Food Gardening Network

Growing Good Food at Home

The Easy Peasy Guide to Growing Pea Plants

Norann Oleson, Editorial Director of Food Gardening Network

Norann Oleson, Editorial Director of Food Gardening Network

Norann Oleson, Editorial Director of Food Gardening Network

Norann Oleson, Editorial Director of Food Gardening Network

When winter lingers and you’re longing to start your garden, it’s peas to the rescue! You can direct sow this cold-weather crop as soon as the ground can be worked and reaches 45 degrees F. In fact, the greenest holiday, St. Patrick’s Day, typically signals the start of pea-planting season. By May, you’ll be picking and enjoying your fresh peas while all the other crops are just getting going. And when the temperatures drop again in the fall and the rest of the garden is petering out, you can plant peas again for late-season enjoyment!

Peas are eager to please—they are among the easiest crops to grow. Most varieties just need water, a bit of fertilizer, and something to climb on. And peas are so nutritious—packed with protein, low calorie, and full of fiber! That’s why we’ve prepared this all-in-one guide for you about growing, harvesting, and eating—with some easy-to-prepare and tasty recipes—your own home-grown peas.

In this collection’s Introduction, you’ll first learn some history and basics about peas—to get you ready for growing your own. Then, in the Feature Articles, you’ll get specifics about pea gardening—from types of plants and soil preparation to watering, weeding, and controlling and preventing disease.

If you’re already an advanced pea and food gardener, some of this may be refresher content for you. But, stick with it, because you’re certain to learn something new, especially when it comes to the history of peas and the recipes!

In Plant Profiles, you’ll learn about six popular varieties of peas, so you’ll get specific details about the characteristics and best uses for particular varieties of peas.

While there are many types and varieties of peas, we’ve chosen these six pea plant profiles because these are some of the most commonly grown. If you’d like us to include another pea variety that appeals to you, please let me know by commenting below.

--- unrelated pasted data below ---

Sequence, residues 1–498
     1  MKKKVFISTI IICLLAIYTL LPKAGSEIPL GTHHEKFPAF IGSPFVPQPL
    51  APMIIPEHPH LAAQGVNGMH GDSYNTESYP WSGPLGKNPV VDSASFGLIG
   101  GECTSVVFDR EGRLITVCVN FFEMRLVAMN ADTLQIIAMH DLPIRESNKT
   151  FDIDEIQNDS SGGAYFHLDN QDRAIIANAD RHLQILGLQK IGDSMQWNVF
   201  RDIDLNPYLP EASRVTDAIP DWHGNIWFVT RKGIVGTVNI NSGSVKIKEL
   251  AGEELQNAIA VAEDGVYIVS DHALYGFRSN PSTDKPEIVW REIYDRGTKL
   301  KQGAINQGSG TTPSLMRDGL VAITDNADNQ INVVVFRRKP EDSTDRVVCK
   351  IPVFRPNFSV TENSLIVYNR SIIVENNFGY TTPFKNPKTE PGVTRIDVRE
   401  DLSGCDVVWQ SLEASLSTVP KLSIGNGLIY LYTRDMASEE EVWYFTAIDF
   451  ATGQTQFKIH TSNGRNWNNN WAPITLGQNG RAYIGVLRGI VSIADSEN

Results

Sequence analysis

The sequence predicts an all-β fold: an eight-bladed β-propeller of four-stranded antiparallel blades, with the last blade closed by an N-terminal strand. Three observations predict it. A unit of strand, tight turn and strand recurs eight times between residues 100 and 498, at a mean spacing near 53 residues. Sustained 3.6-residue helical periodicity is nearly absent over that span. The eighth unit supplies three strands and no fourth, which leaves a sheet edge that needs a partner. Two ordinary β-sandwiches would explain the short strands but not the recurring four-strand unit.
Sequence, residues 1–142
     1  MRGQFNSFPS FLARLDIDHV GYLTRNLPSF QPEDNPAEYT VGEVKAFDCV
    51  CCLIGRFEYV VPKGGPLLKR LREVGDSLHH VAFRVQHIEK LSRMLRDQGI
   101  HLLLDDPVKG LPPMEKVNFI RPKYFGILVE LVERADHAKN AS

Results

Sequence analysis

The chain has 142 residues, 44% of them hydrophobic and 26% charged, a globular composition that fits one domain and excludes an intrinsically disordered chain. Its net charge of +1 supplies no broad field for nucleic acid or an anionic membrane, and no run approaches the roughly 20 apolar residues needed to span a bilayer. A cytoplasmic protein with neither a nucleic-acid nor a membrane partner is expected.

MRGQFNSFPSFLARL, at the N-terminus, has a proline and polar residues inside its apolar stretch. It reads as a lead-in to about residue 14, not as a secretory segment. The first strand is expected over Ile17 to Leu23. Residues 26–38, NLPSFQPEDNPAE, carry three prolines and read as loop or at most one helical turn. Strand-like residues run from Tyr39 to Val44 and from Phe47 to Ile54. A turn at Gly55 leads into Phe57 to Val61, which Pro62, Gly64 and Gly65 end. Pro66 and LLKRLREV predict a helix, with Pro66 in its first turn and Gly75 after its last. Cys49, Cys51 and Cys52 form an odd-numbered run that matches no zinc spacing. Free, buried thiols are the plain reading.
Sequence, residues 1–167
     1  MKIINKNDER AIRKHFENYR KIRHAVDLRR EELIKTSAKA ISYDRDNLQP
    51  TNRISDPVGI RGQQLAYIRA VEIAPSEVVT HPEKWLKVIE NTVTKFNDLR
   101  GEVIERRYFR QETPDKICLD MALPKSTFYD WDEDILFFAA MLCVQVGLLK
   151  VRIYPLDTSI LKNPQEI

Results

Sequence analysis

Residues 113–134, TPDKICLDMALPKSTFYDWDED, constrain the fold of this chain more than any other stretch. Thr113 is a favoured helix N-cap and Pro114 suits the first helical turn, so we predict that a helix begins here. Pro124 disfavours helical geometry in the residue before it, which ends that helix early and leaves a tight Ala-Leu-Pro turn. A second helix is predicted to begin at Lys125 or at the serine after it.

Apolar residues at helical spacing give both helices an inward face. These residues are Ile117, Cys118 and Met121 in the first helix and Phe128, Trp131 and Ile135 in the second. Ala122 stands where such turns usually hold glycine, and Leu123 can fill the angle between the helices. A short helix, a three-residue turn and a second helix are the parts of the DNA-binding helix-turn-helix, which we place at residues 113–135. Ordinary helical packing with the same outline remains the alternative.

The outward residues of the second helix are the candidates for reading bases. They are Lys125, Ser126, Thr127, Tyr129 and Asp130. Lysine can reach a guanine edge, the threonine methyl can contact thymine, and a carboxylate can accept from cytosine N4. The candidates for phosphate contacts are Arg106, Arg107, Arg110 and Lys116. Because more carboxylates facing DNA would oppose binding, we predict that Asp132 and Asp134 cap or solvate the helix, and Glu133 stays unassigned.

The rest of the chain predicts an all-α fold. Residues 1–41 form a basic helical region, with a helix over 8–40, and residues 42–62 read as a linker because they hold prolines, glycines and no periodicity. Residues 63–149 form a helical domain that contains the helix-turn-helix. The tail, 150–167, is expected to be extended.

We are, after all, a network of food gardeners—for and by fellow food gardeners—who want to enjoy all the benefits of growing our own delicious food at home!

One of the things that makes Food Gardening Network unique is the assortment of super easy and delicious Recipes, so that you can enjoy the fruits of your gardening labor. Peas are no exception!

These pea recipes include uses for salads, side dishes, and stir-frys. Everyone at your table will enjoy the dishes you make from your home-grown peas. Fresh peas are delicious when cooked quickly and simply, or when combined with a variety of flavors from around the world. However you prepare them, these dishes will become staples in your household. Enjoy your pea harvest with these tasty recipes, and your family and friends will appreciate all of your pea gardening efforts!

Next, you’ll learn Nutrition Facts about Peas to find out exactly which nutrients are found in peas—and to what degree—and the most common compounds. Home Remedies & Health Benefits of Peas will help you learn about how key nutrients in peas can help prevent some diseases, such as heart disease and osteoporosis. You’ll also learn all about other benefits and uses for peas, besides just enjoying their garden-fresh deliciousness.

To help you explore the practically perfect world of peas even further, we’ve included a Resources section that is complementary to this collection. We aim to give you everything you need to grow, harvest, and eat delicious peas, but feel free to take a deeper dive into these additional resources by visiting the links provided.

Finally, you’ll find a brief Glossary at the end of this collection in case you need a fuller explanation of any key terms and concepts.

Are you ready to give peas a chance? Let’s get started!


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